Bagpipes – A Weapon of War!
It’s interesting to learn that until 1996 the bagpipes were classified as a weapon of war. This does not simply mean an instrument played in battle, or a tool used to direct troops, it actually means a physical weapon, like a sword or a musket. The origins of this take us all the way back to the Battle of Culloden and a piper named James Reid.
James Reid was one of several pipers who played at the Battle of Culloden. He was captured along with 558 men by Cumberland’s troops and taken to England. There James was put on trial and accused of high treason against the English Crown. Piper Reid claimed that he was innocent because he did not have a gun or a sword. He said that the only thing he did that day on the battlefield was play the bagpipe.
After some deliberation the judges had a different opinion on the matter. They said that a highland regiment never marched to war without a piper at its head. Therefore, in the eyes of the law, the bagpipe was an instrument of war. James Reid was condemned and subsequently hanged then drawn and quartered.
The decision of those judges has echoed down through the generations. It was the first recorded occasion that a musical instrument was officially declared a weapon of war. For hundreds of years and many conflicts to come the bagpipes, when listed among the items captured in combat, was counted among rifles, sabers, and munitions. It is interesting to note that bugles and drums were recorded as musical instruments, where the bagpipe ranked among the lists of weapons. This continued through the Great War. Perhaps a fitting place for the pipes, but a tragic legacy for the piper James Reid who played at the last bloody battle of the Jacobites on Culloden Moor.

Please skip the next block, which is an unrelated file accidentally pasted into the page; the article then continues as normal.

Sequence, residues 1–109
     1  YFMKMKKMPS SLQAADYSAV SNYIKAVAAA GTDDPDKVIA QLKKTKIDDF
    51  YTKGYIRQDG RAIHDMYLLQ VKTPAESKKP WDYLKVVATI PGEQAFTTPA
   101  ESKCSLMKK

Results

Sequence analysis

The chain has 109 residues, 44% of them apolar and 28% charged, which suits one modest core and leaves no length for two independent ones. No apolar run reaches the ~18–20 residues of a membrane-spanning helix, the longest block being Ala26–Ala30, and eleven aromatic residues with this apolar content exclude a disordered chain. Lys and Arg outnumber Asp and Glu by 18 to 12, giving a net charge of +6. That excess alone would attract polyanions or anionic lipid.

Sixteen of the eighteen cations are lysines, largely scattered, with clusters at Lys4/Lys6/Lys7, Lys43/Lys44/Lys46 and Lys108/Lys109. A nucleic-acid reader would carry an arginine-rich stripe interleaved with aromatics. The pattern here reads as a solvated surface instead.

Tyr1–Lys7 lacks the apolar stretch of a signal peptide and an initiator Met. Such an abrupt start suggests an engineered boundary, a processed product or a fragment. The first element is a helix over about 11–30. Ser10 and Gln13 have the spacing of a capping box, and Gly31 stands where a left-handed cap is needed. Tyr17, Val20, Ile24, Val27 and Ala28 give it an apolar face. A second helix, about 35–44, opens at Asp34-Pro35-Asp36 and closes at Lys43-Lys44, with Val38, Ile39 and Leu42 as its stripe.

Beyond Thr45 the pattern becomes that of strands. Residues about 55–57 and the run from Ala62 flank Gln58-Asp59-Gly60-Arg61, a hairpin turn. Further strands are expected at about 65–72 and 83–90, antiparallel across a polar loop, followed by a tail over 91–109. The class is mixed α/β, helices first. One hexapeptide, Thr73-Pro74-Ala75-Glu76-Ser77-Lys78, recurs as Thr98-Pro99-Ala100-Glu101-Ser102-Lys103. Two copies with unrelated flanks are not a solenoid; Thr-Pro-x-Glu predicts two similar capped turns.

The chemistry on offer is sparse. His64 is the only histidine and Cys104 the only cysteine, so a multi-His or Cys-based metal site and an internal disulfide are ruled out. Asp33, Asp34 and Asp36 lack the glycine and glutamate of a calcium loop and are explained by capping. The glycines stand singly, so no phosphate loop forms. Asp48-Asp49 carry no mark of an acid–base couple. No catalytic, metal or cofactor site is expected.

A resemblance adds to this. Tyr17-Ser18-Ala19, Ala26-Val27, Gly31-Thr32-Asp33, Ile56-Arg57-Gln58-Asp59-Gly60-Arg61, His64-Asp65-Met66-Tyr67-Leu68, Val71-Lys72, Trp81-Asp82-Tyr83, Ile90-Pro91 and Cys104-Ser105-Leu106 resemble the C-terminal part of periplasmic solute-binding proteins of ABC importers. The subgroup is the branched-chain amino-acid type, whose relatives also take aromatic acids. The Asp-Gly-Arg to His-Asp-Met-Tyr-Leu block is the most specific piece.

In 1996, after some disputes with authorities, a man known as Mr Brooks was taken to court for playing the pipes on Hamstead Heath, an act forbidden under a Victorian by-law stating the playing of any musical instrument is banned. Mr Brooks plead not guilty by, claiming the pipes are not a musical instrument, but instead a weapon of war , citing the case of James Reid as a precedent. The unanimous verdict was that the pipes are first and foremost musical instruments returning them from a weapon of war to their rightful place as a musical instrument.
William “Bill” Millin, commonly known as Piper Bill, was the personal piper to Simon Fraser, 15th Lord Lovat, commander of 1st Special Service Brigade. Millin is best remembered for playing the pipes whilst under fire during the D-Day landing in Normandy.
Millin was born in Regina, Saskatchewan, Canada on 14 July 1922. His father, who was a native Scot, moved the family back to Glasgow when he was three. He joined the Territorial Army in Fort William and played in the pipe bands of the Highland Light Infantry and the Queen’s Own Cameron Highlanders before volunteering as a commando and training with Lovat at Achnacarry, near Fort William in Scotland. Lovat had appointed Millin as his personal piper during this commando training.
Pipers have traditionally been used in battle by Scottish and Irish soldiers. However, the use of bagpipes was restricted to rear areas by the time of the Second World War by the British Army. Lovat, nevertheless, ignored these orders when making their landing at Sword Beach on D-day and ordered Millin, then aged 21, to play. When Private Millin demurred, citing the regulations, he recalled later, Lord Lovat replied: “Ah, but that’s the English War Office. You and I are both Scottish, and that doesn’t apply.” He played “Hielan’ Laddie” and “The Road to the Isles” as his comrades fell around him on Sword Beach.